Restaurant Reservations: The Direct Booking War

The travel hospitality industry saw a reckoning beginning in 2015 in the form of book direct campaigns. In fact, they were so successful that, for well-known brands like Hilton, direct bookings now account for approximately one third of all of bookings made at their properties. Airlines and hotels discovered that with direct booking they were able to better service their guests by offering special accommodations and more beneficial loyalty programs. However, the biggest benefit was undoubtedly the ability to collect and analyze guest data directly – allowing them to tailor their offerings even further and turn every guest into a return customer.

While third-party reservation services have taken center stage in the restaurant industry for more than 20 years, it’s now time for restaurants to follow in the travel industry’s footsteps and start thinking strategically about how they can build direct relationships with their guests, utilizing third-party platforms as just one of many channels to reach their guests.

Costing More Than It’s Worth

Third-party booking services excel at attracting new guests and increasing brand awareness through strong consumer networks. These services can be valuable as marketing tools, but if used as the only channel, it means they own the guest relationship and all the data that accompanies it.  Relying solely on third-party sites come at a steep cost — not only to your bottom line, but in hindering your ability to establish meaningful, long-lasting relationships with your guests that can turn tables of new faces into regulars.

In the travel industry, consumers began to lose trust in OTAs, or online travel agencies, because of the lack of personalization, robotic processes and even lack of data protection. In fact, more than 50 percent of travel fraud comes from OTAs. If restaurants continue down the path of third-party reservation platforms, they not only run the risk of high costs, but also dissatisfied customers. Direct booking will help bring flexibility and personal touch to guests from their first, and arguably the most important interaction: the reservation.

Standing Out in the Crowd

So how is a direct restaurant reservation different and why is it important? When a guest books a reservation through one of your owned channels — including your website, reservations team or social media — that’s a direct reservation and comes at no cost to you. Free business, free data and endless possibilities.

Imagine this scenario: A guest who dined at your restaurant last week had a great experience and wants to return with her friends for dinner. She knows she wants to dine at your restaurant and goes directly to your website. When she clicks to book, she is taken to another third-party website to book the reservation. When this happens, you’re not only paying for a guest whose loyalty you already have, you’re also missing a critical opportunity to capture important information that can be used to personalize the guest experience and tailor future marketing efforts. Even worse, if your restaurant happened to be booked for the evening, you never had a chance to offer a table at another property in your portfolio. But you can be sure, the third-party booking service found them a table at a competitor’s restaurant.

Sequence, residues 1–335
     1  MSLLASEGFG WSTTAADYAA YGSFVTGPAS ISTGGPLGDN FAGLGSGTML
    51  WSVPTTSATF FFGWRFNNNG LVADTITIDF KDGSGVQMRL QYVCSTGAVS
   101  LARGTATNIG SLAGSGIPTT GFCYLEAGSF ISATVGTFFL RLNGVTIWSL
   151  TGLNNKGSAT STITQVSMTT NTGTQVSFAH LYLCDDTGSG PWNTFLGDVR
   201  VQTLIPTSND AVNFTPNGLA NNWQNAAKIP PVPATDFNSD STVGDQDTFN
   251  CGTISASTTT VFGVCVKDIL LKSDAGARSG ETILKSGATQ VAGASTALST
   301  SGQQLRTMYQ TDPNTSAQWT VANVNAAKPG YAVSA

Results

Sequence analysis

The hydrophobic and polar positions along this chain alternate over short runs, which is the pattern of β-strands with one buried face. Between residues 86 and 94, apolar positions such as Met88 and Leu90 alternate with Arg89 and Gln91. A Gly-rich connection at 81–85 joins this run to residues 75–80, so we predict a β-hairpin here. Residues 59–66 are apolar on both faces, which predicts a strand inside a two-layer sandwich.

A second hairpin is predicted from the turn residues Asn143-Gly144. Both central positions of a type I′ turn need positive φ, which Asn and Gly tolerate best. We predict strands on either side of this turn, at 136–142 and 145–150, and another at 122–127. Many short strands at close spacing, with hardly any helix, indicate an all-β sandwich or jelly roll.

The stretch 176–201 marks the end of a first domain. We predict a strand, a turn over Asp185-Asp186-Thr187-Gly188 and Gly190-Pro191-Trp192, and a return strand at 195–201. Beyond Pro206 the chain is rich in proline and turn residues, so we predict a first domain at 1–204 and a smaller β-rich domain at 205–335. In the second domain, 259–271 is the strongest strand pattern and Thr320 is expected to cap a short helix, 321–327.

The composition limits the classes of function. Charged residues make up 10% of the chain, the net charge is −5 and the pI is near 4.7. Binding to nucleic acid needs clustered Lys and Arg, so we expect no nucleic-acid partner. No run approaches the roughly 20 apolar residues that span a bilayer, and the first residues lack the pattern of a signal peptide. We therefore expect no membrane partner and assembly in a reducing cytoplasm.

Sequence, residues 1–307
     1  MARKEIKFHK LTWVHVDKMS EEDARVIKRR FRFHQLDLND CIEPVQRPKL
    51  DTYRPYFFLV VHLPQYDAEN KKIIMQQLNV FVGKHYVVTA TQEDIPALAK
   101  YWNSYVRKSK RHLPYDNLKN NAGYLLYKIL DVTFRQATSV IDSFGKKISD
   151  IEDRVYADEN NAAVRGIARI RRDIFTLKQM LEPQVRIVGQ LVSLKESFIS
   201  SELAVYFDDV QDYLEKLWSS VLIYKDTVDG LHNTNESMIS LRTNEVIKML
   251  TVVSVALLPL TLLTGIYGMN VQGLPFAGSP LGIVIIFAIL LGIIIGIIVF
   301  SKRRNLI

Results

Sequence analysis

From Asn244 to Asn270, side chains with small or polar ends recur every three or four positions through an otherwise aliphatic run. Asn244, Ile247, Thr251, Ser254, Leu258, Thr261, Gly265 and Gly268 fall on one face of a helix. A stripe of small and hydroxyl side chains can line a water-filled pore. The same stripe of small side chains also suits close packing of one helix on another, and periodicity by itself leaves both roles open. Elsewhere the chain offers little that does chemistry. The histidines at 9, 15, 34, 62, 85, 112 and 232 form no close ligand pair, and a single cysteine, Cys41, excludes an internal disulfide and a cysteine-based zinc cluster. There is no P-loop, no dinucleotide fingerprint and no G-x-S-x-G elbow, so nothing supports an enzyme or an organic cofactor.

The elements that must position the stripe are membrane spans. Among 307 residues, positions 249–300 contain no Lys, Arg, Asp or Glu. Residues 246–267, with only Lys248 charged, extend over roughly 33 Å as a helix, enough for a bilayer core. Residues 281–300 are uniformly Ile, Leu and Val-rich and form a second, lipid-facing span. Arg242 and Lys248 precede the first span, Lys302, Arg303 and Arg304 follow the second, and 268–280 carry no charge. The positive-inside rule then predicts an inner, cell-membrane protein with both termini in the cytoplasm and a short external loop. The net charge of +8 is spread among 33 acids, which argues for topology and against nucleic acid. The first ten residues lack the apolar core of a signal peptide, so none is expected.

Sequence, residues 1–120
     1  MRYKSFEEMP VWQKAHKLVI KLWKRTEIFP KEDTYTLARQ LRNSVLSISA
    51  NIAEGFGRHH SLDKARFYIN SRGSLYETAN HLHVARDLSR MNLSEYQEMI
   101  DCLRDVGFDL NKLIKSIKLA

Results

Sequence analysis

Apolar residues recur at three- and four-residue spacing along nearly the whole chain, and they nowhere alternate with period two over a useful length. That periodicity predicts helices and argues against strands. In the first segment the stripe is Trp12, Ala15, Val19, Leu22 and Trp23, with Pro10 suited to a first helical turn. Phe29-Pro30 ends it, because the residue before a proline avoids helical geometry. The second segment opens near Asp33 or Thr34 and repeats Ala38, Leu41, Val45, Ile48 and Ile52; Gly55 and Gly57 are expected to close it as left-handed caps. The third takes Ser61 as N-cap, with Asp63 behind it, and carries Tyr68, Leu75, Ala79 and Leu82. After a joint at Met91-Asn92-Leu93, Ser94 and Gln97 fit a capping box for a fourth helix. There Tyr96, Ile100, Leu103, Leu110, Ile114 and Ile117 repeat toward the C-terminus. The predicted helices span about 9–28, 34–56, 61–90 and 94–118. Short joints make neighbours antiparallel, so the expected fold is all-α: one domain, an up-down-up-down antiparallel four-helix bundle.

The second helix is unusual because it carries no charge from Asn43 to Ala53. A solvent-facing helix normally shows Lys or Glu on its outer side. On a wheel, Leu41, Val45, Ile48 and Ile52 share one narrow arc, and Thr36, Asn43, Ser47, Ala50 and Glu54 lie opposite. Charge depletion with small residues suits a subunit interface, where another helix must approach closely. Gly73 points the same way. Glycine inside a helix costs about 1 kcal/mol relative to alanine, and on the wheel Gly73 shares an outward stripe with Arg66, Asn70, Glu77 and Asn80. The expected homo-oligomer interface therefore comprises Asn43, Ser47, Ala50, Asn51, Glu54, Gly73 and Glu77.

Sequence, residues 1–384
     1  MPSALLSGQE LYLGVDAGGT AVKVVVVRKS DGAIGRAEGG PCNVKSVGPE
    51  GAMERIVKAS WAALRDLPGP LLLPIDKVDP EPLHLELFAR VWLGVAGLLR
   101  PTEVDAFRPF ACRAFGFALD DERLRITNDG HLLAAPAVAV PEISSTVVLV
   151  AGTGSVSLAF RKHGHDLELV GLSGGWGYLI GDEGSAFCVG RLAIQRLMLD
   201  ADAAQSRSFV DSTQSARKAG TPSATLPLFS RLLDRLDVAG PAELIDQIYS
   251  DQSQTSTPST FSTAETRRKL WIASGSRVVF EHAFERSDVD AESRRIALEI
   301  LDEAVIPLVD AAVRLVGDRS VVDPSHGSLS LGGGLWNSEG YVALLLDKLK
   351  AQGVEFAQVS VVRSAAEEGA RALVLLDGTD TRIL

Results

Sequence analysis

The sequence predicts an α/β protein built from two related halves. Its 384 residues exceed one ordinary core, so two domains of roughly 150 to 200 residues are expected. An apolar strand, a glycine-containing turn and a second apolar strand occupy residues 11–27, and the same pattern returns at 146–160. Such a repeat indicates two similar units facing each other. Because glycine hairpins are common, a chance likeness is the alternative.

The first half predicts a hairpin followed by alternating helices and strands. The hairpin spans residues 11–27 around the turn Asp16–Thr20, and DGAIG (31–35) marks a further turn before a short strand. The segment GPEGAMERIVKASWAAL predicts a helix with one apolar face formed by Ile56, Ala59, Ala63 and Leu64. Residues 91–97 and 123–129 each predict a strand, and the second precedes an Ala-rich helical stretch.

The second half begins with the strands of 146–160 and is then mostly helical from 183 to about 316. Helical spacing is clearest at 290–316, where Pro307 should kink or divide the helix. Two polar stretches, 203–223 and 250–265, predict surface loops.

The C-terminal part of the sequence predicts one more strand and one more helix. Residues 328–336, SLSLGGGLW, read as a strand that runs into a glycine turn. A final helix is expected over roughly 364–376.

Changing Attitudes to Improve the Experience

Using third-party booking sites has become second nature to guests and while changing that behavior may take time, it can be done, as proven in the travel industry. Restaurants can start by looking at technology solutions that put the restaurant first, finding a business solution to a business problem. If you want to prioritize direct reservations, a third-party site can, and should, be part of your marketing mix, but not the entire strategy.

Here are a few ways forward-thinking restaurants can put direct booking front and center for their guests:

  • Segment and tier your inventory: Offer preferred seating options or availability on your website, encouraging guests to book direct for primetime slots or the coveted Chef’s Table
  • Differentiate the booking experience: Let guests book tables further in advance, or offer unique upgrades and experiences like a kitchen tour or mixology class
  • Change-up your policies: Require credit cards to hold reservations, or enforce cancellation fees made on a third-party site
  • Tailor the in-service experience: Reward bookings made directly through your website with in-service perks, such as custom wine pairings or complimentary food and drinks
  • Share the benefits: Promote direct reservations in all email communications to guests, across your social media channels, and on your website
  • Educate your staff: Train servers and hosts to offer guests perks during their visit, or use reservationists or call centers to tell guests about the benefits of direct booking

As seen in the travel industry, restaurants now have the ability to fully own their guest relationships through increasing direct bookings. This data collected can be used as the cornerstone of a more personalized experience for guests, and a more efficient and profitable operation for your restaurant.

For more insights on how to drive direct bookings for your restaurant, download our free guide: Own Your Guest Relationships: The Direct Reservations Playbook for Restaurants.